How to support the non-pregnant partner after a miscarriage
When Erich Streckfuss’ wife was first pregnant, he didn’t know who to share the news with, given the convention of not announcing a pregnancy until 12 weeks, when miscarriage becomes much less likely.
“I made it a point to tell a few very close friends and family about it,” Streckfuss told HuffPost. “My reason was, if something is wrong, it’s the support system, these are the people I’m going to call for help.”
The couple’s first pregnancy went well and they now have a 3-year-old daughter.
Last year, when he found out his wife was pregnant again, Streckfuss said he “took the same approach”, thinking he would only tell a few people, but “in the exuberance of this, I got a little too excited. I probably told more people about it than I wanted or needed.
This time his wife showed symptoms of a miscarriage and the couple were together in the doctor’s office when the loss was confirmed.
Streckfuss said he felt like “an observer” and there was nothing he could do to help his wife, who works at HuffPost. While dealing with his own grief, Streckfuss also had to announce the loss to everyone he told about the pregnancy.
“It was completely the opposite of why I thought I had to tell them in the first place,” he recalled. Rather than making the experience easier, it was “overwhelming”.
“I didn’t even feel like I got anything out of it,” he said. “I just had to disappoint them and relive the whole experience every time I told people.”
As people apologized, Streckfuss was struck by how quickly they stopped bringing up the subject.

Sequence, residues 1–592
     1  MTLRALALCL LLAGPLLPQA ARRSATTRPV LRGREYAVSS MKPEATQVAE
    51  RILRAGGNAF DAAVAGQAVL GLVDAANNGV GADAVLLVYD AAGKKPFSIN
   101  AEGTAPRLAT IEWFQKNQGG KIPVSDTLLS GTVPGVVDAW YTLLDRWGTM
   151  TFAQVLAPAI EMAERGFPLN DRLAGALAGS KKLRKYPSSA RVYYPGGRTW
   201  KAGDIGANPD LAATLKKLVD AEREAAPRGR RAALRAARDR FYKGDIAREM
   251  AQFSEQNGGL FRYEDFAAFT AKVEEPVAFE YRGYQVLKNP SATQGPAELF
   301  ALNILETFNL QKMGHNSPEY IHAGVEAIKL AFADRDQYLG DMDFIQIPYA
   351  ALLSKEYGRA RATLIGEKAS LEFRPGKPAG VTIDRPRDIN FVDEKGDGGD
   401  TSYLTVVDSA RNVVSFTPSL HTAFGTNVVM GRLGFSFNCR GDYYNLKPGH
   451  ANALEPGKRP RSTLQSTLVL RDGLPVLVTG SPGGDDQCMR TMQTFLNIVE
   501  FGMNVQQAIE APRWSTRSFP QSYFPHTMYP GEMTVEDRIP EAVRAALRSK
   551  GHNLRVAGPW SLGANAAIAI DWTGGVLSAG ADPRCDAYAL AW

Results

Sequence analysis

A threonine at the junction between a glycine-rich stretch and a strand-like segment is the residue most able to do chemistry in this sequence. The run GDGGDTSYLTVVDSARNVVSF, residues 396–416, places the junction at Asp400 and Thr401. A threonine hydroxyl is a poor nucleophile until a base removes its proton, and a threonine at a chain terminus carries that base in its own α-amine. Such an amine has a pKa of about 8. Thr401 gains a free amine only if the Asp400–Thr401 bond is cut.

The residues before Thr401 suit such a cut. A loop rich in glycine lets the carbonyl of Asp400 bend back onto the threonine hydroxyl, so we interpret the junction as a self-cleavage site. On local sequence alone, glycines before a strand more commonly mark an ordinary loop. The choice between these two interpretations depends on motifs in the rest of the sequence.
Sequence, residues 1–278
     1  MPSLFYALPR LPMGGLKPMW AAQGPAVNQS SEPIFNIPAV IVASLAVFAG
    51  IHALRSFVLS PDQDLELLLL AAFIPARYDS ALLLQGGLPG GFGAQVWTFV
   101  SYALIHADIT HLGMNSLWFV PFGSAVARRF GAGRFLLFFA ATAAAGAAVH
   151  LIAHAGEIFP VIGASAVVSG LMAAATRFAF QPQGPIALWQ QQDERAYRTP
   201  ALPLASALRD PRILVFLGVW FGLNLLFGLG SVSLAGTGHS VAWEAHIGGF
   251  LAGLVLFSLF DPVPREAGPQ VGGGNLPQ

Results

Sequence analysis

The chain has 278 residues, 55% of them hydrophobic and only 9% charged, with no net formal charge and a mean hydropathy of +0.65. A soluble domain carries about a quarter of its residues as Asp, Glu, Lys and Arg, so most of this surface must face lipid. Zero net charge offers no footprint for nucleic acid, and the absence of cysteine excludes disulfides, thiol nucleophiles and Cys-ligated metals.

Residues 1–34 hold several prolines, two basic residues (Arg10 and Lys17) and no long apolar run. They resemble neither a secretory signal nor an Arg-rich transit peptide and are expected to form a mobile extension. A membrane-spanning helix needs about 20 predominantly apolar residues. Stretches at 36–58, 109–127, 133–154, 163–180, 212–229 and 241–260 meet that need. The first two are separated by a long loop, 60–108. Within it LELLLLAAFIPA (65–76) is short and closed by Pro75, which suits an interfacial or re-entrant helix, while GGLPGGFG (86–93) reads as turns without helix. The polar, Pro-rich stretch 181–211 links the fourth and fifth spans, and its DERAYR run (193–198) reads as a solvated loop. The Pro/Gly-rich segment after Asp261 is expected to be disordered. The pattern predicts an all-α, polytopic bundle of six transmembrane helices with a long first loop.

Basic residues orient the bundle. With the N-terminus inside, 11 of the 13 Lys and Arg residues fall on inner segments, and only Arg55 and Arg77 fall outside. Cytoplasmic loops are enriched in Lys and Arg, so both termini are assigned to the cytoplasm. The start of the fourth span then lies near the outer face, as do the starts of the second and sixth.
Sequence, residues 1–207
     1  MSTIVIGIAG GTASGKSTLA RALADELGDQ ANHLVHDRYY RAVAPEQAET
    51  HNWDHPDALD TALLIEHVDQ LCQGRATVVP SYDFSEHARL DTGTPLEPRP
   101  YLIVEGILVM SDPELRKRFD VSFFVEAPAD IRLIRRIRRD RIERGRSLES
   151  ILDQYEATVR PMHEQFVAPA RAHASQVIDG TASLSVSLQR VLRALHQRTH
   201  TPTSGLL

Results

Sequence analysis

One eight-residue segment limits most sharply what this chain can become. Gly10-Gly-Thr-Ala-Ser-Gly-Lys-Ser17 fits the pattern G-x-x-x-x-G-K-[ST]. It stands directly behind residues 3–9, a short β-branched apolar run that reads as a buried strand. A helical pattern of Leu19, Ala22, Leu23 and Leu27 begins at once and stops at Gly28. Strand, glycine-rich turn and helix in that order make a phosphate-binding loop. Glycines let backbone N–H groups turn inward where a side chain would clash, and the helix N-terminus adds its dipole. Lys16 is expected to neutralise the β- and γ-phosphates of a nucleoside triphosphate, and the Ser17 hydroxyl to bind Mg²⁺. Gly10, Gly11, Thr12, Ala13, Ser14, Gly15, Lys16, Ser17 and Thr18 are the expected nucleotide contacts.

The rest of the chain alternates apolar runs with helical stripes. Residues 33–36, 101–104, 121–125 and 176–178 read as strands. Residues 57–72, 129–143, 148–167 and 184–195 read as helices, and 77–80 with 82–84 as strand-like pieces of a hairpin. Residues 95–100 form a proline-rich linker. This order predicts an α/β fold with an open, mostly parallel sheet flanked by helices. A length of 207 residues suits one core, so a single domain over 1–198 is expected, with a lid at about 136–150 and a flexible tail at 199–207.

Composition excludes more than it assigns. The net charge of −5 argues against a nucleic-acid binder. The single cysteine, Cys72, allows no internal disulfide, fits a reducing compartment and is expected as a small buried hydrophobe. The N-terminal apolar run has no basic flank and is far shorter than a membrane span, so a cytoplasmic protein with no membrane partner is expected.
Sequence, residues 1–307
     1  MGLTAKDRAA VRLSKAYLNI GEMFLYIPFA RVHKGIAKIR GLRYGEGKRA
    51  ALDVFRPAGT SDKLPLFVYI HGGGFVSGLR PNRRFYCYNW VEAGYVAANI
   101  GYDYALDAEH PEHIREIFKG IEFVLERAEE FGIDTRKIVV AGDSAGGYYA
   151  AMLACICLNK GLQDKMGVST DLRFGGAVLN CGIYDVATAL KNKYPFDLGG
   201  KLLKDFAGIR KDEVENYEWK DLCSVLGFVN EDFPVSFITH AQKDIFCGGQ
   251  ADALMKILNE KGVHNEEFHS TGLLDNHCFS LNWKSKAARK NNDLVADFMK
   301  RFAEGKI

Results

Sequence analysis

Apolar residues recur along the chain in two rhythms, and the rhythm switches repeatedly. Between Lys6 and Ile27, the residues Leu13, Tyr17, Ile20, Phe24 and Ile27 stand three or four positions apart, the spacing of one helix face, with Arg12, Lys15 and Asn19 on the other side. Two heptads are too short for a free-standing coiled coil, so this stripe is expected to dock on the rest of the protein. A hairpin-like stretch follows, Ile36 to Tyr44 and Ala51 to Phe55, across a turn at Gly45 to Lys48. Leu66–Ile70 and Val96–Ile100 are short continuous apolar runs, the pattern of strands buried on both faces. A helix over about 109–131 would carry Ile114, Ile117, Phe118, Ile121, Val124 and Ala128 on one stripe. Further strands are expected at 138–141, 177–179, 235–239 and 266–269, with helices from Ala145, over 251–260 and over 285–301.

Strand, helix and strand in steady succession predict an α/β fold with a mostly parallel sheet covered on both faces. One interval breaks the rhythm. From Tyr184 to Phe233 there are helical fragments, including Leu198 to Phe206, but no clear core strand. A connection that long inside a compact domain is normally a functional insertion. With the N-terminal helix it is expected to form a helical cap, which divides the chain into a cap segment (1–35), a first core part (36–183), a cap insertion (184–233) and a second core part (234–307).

“I felt like it was so much faster for people in not acknowledge him longer,” he said, noting that after the loss of his mother years earlier, people continued to inquire about his condition for months.
Streckfuss said a few people had shared their own miscarriage experiences with him and it was reassuring to hear they had more children.
“I don’t know exactly what I was expecting or hoping for from people,” he said.
Streckfuss says he will likely tell fewer people about any pregnancy in the future. But at the same time, he would have liked to have had more openness and support.
“I’m contradicting myself,” he acknowledged, “because I’m sitting here saying I want to keep things private…and also saying I wish people would open up more.”
His thoughts illustrate the complexity of grief, which can make us want to be embraced one moment and left alone the next.
It’s common for people to mourn pregnancy losses in private, which means there’s no script on how to broach the subject, especially with the partner of the person who experienced the miscarriage. , whose feelings are often entirely ignored.
The first step in offering support is to recognize that it is also their loss.
“The support should not be different for either partner. It just has to be actively demonstrated,” Jacqueline Fernando, a California therapist who specializes in infertility and pregnancy loss counseling, told HuffPost.
Ask them how they feel — and keep asking
“Non-pregnant partners may feel like they’re not ‘allowed’ to have deep feelings,” Fernando said. They may think, “I have to be the strongest. I have to hold on. And traditional gender roles can exacerbate that pressure.
Josephine Atluri, author, life coach and podcast host, pointed out “the biases we have about the differences between men and women in processing feelings.”
“Assuming the non-pregnant partner doesn’t feel the same magnitude of grief and other emotions after a miscarriage invalidates her feelings,” Atluri said.
While the non-pregnant partner certainly doesn’t have to share these feelings with you, you can still honor her presence.